All of which leaves true capitalism — a product of the voluntary society and the sum total of all the exchanges and cooperative acts of people all over the world — with few actual intellectual defenders. They are growing, but the educational work we need to do is daunting, and we are facing the most powerful forces in the world.
There is nothing new in this. In the history of the world, freedom is the exception, not the rule. It must be fought for anew in every generation. Its enemies are everywhere, but the leading enemy is ignorance. For this reason, the main weapon we have at our disposal is education.
Education includes explaining that socialism is an unworkable idea. There is nothing better than Ludwig von Mises's 1922 book Socialism, a comprehensive presentation of the fallacy of the socialist idea. Another essential work is the Black Book of Communism. Here we have a wake-up call that shows that the dream of socialism is actually a bloody nightmare.
Then there is the issue of the positive case for capitalism. One can do no better than Mises's own Human Action, which is not likely to ever be surpassed as a treatise on the free economy. True, it is not for everyone. And that's fine. There are many primers out there too.
The fashion for socialism and the opposition to capitalism should alarm every lover of freedom the world over. We have our jobs cut out for us, but with numbers this bad, it is not difficult to make a difference. Every blow you can land for free markets helps protect freedom from its enemies.
After almost twenty years without an execution, the Federal penal system has decided to proceed with a number of executions. NPR reported last month:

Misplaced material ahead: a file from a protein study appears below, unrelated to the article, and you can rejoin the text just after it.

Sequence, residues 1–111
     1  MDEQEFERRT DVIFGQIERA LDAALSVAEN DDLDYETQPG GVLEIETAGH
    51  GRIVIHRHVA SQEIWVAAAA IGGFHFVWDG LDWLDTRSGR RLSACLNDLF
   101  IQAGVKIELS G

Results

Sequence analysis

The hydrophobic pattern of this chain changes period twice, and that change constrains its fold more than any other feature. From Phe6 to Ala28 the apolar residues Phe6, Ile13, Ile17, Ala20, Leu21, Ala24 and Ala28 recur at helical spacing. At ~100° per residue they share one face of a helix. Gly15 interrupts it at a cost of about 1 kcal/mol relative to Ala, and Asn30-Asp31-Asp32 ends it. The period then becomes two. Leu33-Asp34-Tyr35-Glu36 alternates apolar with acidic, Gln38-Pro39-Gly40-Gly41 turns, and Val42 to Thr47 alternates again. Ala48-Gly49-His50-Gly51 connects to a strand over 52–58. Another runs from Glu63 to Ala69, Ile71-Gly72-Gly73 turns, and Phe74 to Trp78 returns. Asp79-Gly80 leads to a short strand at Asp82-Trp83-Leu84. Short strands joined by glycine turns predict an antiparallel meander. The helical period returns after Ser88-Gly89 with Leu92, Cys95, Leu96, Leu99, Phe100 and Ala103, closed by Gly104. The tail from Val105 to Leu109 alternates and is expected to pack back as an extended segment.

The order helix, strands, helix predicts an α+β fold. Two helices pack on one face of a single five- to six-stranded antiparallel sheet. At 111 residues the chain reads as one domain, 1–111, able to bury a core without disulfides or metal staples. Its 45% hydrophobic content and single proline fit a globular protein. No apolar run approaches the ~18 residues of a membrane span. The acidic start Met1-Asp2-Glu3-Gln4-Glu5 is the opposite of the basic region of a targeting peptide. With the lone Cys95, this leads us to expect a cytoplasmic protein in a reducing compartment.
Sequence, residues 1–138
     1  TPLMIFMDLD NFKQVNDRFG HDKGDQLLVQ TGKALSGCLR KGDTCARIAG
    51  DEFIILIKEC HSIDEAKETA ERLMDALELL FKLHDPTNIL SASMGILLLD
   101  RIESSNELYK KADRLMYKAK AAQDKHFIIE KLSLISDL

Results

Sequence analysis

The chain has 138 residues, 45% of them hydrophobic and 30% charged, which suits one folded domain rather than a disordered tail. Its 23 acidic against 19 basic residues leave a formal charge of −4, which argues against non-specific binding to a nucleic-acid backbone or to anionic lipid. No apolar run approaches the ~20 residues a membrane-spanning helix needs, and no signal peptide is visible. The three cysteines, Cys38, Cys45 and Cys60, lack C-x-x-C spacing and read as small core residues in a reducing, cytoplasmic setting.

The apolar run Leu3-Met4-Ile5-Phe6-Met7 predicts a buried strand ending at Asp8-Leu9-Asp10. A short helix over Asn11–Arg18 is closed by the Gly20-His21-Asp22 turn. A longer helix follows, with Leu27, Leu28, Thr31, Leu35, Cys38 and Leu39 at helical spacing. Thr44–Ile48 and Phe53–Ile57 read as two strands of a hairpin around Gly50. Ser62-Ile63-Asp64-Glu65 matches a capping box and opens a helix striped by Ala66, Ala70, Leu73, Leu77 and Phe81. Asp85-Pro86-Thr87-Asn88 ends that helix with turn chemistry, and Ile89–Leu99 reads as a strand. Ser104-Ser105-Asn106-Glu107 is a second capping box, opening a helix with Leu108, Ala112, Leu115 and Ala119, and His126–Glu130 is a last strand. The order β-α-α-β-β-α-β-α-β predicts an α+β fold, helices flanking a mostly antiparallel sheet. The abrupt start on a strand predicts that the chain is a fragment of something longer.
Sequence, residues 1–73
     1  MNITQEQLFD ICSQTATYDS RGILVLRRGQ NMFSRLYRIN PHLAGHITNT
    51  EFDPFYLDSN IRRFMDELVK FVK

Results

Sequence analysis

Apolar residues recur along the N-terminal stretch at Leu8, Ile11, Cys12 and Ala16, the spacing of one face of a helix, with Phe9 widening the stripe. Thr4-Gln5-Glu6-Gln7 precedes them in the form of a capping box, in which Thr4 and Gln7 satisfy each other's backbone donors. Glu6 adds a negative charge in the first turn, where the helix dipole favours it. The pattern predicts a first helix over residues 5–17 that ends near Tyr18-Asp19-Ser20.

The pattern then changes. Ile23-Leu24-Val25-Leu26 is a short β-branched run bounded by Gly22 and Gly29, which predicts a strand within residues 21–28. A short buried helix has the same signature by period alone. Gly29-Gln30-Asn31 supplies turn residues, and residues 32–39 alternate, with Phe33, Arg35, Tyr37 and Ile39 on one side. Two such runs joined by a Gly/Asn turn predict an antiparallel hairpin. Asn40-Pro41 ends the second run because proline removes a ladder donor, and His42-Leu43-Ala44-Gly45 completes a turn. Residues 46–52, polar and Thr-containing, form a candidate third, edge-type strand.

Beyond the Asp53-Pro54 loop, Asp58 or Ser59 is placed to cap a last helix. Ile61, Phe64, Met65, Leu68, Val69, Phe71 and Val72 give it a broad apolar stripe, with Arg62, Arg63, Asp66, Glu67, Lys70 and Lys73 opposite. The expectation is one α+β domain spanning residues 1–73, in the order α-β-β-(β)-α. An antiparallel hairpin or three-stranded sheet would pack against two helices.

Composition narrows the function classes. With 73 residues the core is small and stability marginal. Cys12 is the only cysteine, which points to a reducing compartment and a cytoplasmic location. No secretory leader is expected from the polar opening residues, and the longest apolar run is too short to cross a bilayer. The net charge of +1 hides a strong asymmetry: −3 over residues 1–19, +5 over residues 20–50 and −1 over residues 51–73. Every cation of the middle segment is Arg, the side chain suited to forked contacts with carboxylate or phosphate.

U.S. Attorney General William Barr has instructed the Federal Bureau of Prisons to change the federal execution protocol to include capital punishment, the Justice Department said.
Barr also asked the prisons bureau to schedule the executions of five inmates who have been found guilty of murder. According to the DOJ, the victims in each case included children and the elderly. In some of the cases, the convicted murderers also tortured and raped their victims.Is the Death Penalty Ever Warranted?
I am not an anti-death-penalty absolutist. That is, in some cases where the testimony and physical evidence is overwhelming — and the crimes are particularly heinous — the death penalty could be warranted, at least in theory.
But given police corruption, incompetent prosecutors, and an over-reliance on circumstantial evidence in court, a great many death-penalty cases are built on a pretty shaky foundation. Moreover, it is extremely likely that innocent people have been executed in the United States whether through errors, or through outright fraud on the part of government officials.
In other words, the death penalty is serious business, and given that government bureaucrats can't even run the DMV or the VA competently, there's no reason to assume their criminal-justice skills are anything deserving of our unconditional trust.